Enough history; I could go on and on, but you get the picture. As you can see, going to Annecy was a spiritual pilgrimage of sorts for me personally. It was such a joy to see where Francis de Sales lived and worked in the 16th and 17th centuries. I was able to see—and attend Mass in—the old churches where he was ordained and where he preached and taught. And I was able to pray in the presence of his remains (and those of St. Jane Frances de Chantal) at the Basilica of the Visitation on the hill above the town. Since this year is the 400th anniversary of the founding of the Visitation Order, there are numerous exhibitions in the Annecy area. I was able to see a few.

It was also a privilege to visit and pray (in French, of course) with Annecy’s current sisters of the Visitation at the basilica. I attended Vespers a couple times during my stay, and visited some with the sister who ran the gift shop. Somehow, despite the language barrier, I was able to convey to the sisters that I am a monk from the United States whose holy patron is Francis de Sales. They promised to pray for me. (They can also benefit from our prayers, especially for more vocations to their order).

So many wonderful elements of my monastic vocation have come together during this trip in ways that I had not anticipated. For example, here at Einsiedeln each evening just before compline, the community meets in the chapter room for a few minutes to listen to a short spiritual reading. Since my arrival, they have been listening to St. Francis de Sales’ Treatise on the Love of God.

The photographs, from top to bottom:

1. Statue of Francis de Sales erected in Annecy (near the lake) in 1924.
2. The Basilica of the Visitation, constructed on a rock above Annecy. This is where the remains of Francis and Jane now rest. The neo-Byzantine church is relatively new. It was finished in 1930.

3. The golden reliquary, in the form of a recumbent effigy, containing the remains of Francis de Sales. It is located to the left of the sanctuary. To the right is another containing the remains of Jane Frances de Chantal.

4. Saint Peter’s Cathedral, built in 1535. This is where Francis was ordained priest and where he presided as bishop for 20 years. (Photographing the many old churches in Annecy was difficult. Most of them are quite dark inside, and getting the entire exterior within a camera frame is a challenge because of the narrow streets. To take this shot, my back was pressed up against the wall along the sidewalk opposite the cathedral.)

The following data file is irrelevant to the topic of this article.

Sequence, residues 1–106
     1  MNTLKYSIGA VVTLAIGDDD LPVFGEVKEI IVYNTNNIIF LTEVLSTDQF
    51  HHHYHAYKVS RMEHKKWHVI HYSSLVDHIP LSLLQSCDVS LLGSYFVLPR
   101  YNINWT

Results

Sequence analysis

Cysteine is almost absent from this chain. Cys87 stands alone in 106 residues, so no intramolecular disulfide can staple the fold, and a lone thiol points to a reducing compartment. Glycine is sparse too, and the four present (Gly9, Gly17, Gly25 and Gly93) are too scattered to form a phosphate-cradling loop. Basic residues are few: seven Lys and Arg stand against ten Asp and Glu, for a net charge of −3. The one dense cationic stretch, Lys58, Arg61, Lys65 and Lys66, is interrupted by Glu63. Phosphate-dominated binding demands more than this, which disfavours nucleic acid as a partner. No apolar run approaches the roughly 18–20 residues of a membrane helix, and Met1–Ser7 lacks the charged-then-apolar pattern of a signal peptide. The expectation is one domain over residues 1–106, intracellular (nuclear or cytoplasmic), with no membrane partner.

5. The Church of Notre Dame de Liesse (Our Lady of Joy), probably the most impressive church in the city from an architectural standpoint. Its origins are in the 16th century. However, only the bell tower remains from the church that was destroyed during the French Revolution. The rest of the current building was constructed in 1851. In 1566, Francis’ mother prayed in the original church, asking God to give her a son to be consecrated to Him.

There are many other such sites in Annecy, but I cannot show photos of them all. Among them are: 1) the Church of St. Francis, built in 1614, the first site of Annecy’s Visitation Order (until the French Revolution, the remains of Francis and Jane rested here); and 2) the oldest church in Annecy, St. Maurice, built in 1442, in which Francis made his First Communion and was confirmed, and where he later preached and taught quite frequently.

Perhaps later I will post a few photos of the spectacular scenery from the long train ride back to Einsiedeln through the mountains.

1 comment:

Unknown said...

Thank you for this. Just visited la Basilique de la Visitation in Annecy, but know very little about St. Francis de Sales and nothing about Ste. Jeanne de Chantal. Bought a book in French about him; now wish I had book the companion book about her, too. Will take me a year to go through the 82-page book translating.
Now want to know about them both, having seen where their remains are.
Such a friendly sister at the shop! Shining love.

Thank you for leaving this up on the net, too. One never knows who will see it 8 years later...
Carol Adeney